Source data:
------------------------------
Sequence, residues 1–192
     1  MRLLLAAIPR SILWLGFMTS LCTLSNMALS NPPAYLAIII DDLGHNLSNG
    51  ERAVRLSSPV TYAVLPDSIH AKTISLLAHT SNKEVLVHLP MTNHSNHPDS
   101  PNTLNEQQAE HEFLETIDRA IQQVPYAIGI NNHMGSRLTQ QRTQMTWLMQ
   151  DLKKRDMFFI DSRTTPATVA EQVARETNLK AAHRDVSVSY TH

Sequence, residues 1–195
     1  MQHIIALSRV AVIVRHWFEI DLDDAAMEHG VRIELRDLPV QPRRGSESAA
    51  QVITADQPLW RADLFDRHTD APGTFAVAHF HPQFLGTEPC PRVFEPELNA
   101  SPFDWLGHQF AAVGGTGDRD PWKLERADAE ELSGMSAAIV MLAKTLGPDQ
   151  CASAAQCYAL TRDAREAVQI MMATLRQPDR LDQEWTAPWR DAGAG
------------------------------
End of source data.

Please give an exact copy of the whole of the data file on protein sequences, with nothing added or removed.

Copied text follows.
Sequence, residues 1–192
     1  MRLLLAAIPR SILWLGFMTS LCTLSNMALS NPPAYLAIII DDLGHNLSNG
    51  ERAVRLSSPV TYAVLPDSIH AKTISLLAHT SNKEVLVHLP MTNHSNHPDS
   101  PNTLNEQQAE HEFLETIDRA IQQVPYAIGI NNHMGSRLTQ QRTQMTWLMQ
   151  DLKKRDMFFI DSRTTPATVA EQVARETNLK AAHRDVSVSY TH

Sequence, residues 1–195
     1  MQHIIALSRV AVIVRHWFEI DLDDAAMEHG VRIELRDLPV QPRRGSESAA
    51  QVITADQPLW RADLFDRHTD APGTFAVAHF HPQFLGTEPC PRVFEPELNA
   101  SPFDWLGHQF AAVGGTGDRD PWKLERADAE ELSGMSAAIV MLAKTLGPDQ
   151  CASAAQCYAL TRDAREAVQI MMATLRQPDR LDQEWTAPWR DAGAG